Matthews Shares Poetic Words of Hope
So begins the poem that Brenda Matthews shared with the youth at the final worship service on Friday night.
For Matthews, a poet, storyteller and preacher from Chicago, this was a return engagement. She was also a speaker at Charlotte 2005, San Jose 2007 and Columbus 2009.
“I am honored to be back,” said Matthews. “Some of these kids heard me when they were 10 and some are now grown. That’s a beautiful thing.”
Matthews began writing poetry at age 12 and believes in using her poems as a way to inspire young people to plant seeds of change. She started as a motivational speaker when she worked in social services and decided to combine her love for the two areas. Matthews has now been traveling around the country as a speaker for 20 years.
“Poetry is a way that I can identify with youth,” said Matthews. “It opens doors for discussions, gets their attention and makes them trust what I have to say.”
Matthews has been going to church all her life and uses her words as a way to express faith.
“When you think about it, the Bible is made up of poetry,” said Matthews. “The Bible has the voices of the oppressed but it also tells stories about victories. Poetry is a powerful tool that encourages people to use their voices as objects of change.”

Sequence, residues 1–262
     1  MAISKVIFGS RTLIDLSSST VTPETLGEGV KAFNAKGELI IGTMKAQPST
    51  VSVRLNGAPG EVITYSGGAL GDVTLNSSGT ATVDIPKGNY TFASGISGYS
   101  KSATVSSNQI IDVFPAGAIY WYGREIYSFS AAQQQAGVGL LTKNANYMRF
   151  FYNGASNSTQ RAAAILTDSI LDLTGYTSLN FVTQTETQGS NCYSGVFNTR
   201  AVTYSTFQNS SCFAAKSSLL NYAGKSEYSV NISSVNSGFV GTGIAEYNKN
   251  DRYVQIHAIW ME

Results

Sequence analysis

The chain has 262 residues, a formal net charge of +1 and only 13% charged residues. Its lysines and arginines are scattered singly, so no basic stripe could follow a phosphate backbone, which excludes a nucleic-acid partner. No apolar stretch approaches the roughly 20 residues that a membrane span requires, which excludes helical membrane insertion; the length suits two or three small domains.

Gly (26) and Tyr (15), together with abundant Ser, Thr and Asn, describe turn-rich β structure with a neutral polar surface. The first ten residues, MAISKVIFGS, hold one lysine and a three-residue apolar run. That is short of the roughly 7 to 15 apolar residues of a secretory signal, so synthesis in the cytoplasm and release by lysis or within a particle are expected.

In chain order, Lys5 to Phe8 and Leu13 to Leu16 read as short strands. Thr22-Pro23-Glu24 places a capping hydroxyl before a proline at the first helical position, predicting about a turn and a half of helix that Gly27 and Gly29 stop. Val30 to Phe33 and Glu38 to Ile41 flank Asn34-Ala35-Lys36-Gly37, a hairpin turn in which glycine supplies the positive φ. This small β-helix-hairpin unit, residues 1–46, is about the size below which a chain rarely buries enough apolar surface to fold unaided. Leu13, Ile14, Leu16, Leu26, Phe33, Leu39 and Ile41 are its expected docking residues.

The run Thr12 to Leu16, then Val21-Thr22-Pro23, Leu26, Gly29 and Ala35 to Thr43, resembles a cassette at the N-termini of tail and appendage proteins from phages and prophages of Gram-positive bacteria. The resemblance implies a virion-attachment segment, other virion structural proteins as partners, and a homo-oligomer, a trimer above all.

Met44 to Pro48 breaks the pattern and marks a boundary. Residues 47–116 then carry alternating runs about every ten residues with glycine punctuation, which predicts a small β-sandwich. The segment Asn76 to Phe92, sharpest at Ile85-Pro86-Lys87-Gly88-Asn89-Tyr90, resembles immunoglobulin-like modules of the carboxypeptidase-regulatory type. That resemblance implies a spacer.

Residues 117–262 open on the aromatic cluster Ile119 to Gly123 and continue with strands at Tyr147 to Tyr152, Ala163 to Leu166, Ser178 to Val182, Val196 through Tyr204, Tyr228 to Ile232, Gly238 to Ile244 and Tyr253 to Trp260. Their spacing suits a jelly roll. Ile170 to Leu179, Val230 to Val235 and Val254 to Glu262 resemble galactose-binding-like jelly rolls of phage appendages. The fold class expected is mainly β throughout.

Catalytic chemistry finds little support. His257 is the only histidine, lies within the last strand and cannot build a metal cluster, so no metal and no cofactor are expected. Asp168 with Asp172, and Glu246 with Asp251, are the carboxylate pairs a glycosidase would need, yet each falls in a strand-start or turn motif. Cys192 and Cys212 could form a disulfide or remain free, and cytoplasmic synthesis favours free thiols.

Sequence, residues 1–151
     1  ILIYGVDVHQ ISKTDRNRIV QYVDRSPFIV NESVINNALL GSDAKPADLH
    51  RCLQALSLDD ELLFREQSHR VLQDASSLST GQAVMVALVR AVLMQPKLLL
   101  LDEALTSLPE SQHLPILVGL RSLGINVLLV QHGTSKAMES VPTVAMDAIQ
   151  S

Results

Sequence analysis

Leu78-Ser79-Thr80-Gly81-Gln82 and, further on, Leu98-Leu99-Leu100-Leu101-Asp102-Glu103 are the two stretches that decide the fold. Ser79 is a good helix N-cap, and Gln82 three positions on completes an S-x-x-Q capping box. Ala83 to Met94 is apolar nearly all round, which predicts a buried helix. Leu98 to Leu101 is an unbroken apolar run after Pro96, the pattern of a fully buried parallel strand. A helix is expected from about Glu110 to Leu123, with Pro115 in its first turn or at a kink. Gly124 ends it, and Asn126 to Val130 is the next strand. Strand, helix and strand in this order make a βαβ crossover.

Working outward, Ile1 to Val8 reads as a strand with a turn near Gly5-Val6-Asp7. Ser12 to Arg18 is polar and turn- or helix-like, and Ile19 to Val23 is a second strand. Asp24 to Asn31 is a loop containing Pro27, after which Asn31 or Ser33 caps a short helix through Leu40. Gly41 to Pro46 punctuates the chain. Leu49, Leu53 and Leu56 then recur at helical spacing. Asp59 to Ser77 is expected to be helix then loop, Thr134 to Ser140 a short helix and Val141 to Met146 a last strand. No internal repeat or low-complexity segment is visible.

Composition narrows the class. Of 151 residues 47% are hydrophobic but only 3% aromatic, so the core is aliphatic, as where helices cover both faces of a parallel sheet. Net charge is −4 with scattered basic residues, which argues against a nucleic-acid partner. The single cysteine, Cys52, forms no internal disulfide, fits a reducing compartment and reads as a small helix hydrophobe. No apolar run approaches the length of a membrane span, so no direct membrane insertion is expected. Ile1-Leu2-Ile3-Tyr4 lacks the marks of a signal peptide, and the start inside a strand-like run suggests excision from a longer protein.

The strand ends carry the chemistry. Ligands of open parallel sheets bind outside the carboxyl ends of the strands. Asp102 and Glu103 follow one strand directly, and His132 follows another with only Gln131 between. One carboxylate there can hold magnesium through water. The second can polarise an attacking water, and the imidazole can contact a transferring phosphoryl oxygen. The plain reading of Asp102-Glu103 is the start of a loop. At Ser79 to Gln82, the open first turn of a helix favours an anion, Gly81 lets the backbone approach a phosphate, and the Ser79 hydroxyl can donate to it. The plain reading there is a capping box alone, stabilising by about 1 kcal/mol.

Matthews used poetry, story and scripture to show the youth what it means to build bridges and practice reconciliation.
“I was trying to write a sermon but I thought, nah,” said Matthew. “I’m a storyteller.”
While she knows Mennonites do not baptize at birth, Matthews also focused on the importance of getting baptized.
“Nothing is ever perfect,” said Matthews. “It is time to be able to move forward in this kingdom. This is a hurting generation; there is so much brokenness. When (youth) begin to talk about how God has moved them through brokenness, that can help others overcome their own trials.”
Matthews finds so much value in her work, but it is not the praise of adults that matters most to her.
“It is hard to gauge how I’m doing,” said Matthews. “But when young people make the effort to come tell me, ‘Mama Brenda, you’ve done a good job,’ then I know that there’s value in what I do.”